Mahinda Rajapaksa sworn in as Sri Lanka’s new prime minister

This is the third time Mahinda Rajapaksa has been appointed prime minister of Sri Lanka. (Reuters)
Updated 22 November 2019

Mahinda Rajapaksa sworn in as Sri Lanka’s new prime minister

  • Rajapaksa takes office for third time, days after his brother Gotabhaya became president

COLOMBO: Sri Lanka’s newly elected Prime Minister Mahinda Rajapaksa, was sworn in as the country’s 23rd premier on Thursday. His younger brother, Gotabhaya, the country’s newly elected president, presided over the 74-year-old’s inauguration ceremony at the Presidential Secretariat. Mahinda will head the country’s caretaker government until general elections in August 2020.

Former President Maithripala Sirisena and former Prime Minister Ranil Wickremesinghe, who officially stepped down Thursday morning, were also present at the ceremony.

Wickremesinghe resigned from his post to make way for Rajapaksa’s regime, which he said had a “clear mandate” to form a new government.

According to official sources, the announcement of the interim cabinet, due to take place on Thursday, has been postponed until Friday.

This is the third time Mahinda Rajapaksa has been appointed prime minister of Sri Lanka. He gained a slim majority with the United People’s Freedom Alliance (UPFA) in 2004, and served a 52-day term during last year’s constitutional crisis.

Meanwhile, key members of the defeated Democratic United National Front (DUNF) party submitted a written request urging the speaker of parliament, Karu Jayasuriya, to appoint Sajith Premadasa to the post of Leader of the Opposition.

The main signatories of that petition were outgoing ministers Rauf Hakeem, Rishath Bathiudeen, Mano Ganeshan and senior members from the United National Party. The former education minister, Akila Viraj Kariyawsam, also submitted an individual request to the speaker requesting him to appoint Wickremesinghe instead.

Following the letters of resignation submitted by nine governors on Wednesday, the president appointed six new governors to take over their vacant provinces.

The new governors are A J M Muzammil for the North Western province, Tikiri Kobbekaduwa for Sabaragamuwa province, Seetha Arambepola for the Western province, Lalith U Gamage for the Central province, Raja Kollure for Uva, and Willy Gamage for the Southern province. Of those six new appointments, only Muzammil has previously held office as a provincial governor.

 
 


India moves Kashmiri village leaders to safety after wave of attacks

Updated 27 min 10 sec ago

India moves Kashmiri village leaders to safety after wave of attacks

  • Separatists fighting Indian rule in the disputed region have stepped up attacks on lower level politicians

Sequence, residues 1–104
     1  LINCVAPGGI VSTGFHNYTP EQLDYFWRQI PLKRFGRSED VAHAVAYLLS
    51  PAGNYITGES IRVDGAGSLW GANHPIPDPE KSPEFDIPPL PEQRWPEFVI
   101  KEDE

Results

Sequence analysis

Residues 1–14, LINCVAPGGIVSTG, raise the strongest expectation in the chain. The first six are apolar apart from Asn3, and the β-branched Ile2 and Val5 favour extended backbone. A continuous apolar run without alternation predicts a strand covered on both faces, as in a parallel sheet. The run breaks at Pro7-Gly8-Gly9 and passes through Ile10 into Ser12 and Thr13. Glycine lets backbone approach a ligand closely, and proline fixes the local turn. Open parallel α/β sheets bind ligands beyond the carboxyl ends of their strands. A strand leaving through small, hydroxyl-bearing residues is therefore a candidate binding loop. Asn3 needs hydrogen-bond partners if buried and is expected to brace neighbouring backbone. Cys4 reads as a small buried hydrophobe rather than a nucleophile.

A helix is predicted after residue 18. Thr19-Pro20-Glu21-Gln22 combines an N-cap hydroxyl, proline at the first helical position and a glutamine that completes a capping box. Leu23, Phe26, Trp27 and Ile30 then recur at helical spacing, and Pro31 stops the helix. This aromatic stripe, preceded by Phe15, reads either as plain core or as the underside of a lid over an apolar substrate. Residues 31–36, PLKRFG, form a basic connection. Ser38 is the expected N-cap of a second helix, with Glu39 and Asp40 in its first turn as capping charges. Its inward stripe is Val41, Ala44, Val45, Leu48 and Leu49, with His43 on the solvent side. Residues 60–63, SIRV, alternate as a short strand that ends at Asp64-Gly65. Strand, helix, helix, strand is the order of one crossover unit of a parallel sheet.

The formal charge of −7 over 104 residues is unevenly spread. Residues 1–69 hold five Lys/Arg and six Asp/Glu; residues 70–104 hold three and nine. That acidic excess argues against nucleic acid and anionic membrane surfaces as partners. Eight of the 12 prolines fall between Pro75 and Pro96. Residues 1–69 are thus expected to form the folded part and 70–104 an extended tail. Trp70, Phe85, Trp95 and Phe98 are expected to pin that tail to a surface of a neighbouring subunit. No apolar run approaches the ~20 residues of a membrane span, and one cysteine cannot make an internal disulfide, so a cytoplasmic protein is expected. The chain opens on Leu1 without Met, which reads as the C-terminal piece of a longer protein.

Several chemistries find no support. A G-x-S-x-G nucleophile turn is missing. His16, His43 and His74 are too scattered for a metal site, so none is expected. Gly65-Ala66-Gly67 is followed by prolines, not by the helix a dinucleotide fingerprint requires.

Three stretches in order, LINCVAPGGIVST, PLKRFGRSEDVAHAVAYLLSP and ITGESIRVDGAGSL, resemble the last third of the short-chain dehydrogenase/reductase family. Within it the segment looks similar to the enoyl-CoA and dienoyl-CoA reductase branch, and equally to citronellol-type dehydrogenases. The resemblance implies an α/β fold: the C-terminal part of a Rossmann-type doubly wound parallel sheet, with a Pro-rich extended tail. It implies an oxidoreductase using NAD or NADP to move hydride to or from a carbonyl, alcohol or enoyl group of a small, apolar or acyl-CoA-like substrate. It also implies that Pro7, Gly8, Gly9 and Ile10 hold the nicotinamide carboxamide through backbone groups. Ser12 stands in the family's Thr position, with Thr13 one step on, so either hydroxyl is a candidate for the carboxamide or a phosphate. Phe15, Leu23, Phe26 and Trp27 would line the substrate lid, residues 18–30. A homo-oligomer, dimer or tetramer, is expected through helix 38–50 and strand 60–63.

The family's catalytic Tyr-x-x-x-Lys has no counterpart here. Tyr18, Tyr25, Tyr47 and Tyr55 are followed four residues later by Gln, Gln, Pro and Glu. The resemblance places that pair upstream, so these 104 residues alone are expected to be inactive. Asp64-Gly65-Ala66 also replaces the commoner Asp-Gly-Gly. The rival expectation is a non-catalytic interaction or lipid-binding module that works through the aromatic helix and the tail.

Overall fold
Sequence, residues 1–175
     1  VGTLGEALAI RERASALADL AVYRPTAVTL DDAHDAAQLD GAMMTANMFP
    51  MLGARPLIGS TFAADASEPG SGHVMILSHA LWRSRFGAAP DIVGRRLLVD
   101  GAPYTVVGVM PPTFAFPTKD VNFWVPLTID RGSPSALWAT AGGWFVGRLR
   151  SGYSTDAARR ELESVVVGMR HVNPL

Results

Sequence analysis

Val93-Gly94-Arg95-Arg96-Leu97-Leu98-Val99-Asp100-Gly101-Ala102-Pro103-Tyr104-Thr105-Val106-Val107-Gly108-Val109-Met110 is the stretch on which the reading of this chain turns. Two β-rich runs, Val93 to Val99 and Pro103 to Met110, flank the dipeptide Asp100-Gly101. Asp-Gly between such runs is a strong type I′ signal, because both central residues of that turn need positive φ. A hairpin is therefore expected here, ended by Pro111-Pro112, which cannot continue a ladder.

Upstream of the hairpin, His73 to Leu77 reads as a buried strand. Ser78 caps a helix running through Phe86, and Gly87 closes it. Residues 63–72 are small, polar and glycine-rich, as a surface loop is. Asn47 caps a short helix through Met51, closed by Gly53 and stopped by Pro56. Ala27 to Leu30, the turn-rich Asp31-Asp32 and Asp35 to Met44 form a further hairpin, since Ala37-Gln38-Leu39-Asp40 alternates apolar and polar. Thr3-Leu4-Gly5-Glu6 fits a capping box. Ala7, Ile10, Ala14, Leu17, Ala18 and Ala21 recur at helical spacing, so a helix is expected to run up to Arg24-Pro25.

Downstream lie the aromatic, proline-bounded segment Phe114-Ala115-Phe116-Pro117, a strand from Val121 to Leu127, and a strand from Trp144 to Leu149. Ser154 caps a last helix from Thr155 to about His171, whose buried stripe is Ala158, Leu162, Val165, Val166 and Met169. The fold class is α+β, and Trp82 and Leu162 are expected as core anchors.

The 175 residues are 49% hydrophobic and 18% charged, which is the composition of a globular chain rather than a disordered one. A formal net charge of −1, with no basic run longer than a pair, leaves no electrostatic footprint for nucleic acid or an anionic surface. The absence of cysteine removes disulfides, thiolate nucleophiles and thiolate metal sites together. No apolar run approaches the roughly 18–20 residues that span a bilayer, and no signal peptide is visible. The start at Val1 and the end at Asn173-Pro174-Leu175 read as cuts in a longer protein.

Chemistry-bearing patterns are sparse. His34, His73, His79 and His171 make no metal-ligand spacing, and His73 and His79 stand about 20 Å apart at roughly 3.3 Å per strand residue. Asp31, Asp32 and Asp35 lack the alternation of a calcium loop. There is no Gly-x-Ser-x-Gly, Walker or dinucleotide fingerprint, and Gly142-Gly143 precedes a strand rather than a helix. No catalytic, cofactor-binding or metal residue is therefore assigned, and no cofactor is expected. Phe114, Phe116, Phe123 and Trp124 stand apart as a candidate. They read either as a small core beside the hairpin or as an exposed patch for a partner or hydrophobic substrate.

• Two security officials said that around 500 politicians had been moved since Thursday

SRINAGAR: India has shifted scores of village and municipality leaders, mostly from Prime Minister Narendra Modi’s ruling party, to secure locations in Kashmir after a spate of militant attacks, police and two security officials said on Friday.
Separatists fighting Indian rule in the disputed region have stepped up attacks on lower level politicians, many of whom do not have personal security guards, in recent weeks.
“It is a temporary arrangement,” Kashmir valley’s police chief Vijay Kumar told Reuters. “We will devise a strategy to provide security to those who are vulnerable.”
Two security officials, asking not to be named, said that around 500 politicians had been moved since Thursday, after militants shot dead a village council leader from the ruling Bharatiya Janata Party (BJP) in southern Kashmir.
Many of those under protection have been housed in hotels and government buildings guarded by paramilitary troops, one official said. “We don’t want to take any chances,” he said.
Sofi Yousuf, a BJP vice president in Kashmir, said that his colleagues were being targeted to prevent the party from expanding in the Himalayan region, where insurgents have waged war against New Delhi since the late 1980s.
“They want to create a fear psychosis on the ground,” Yousuf said.
The federal government has been trying to promote political activities since it revoked Kashmir’s special status in an attempt to draw it closer to the rest of the country.
But the loss of special privileges stoked anger across the region and this week authorities imposed a strict lockdown on the first anniversary of that decision.
Underlining the difficulties the government faces in restoring normalcy to Kashmir, around a dozen BJP members resigned from the party this week, fearing militant attacks.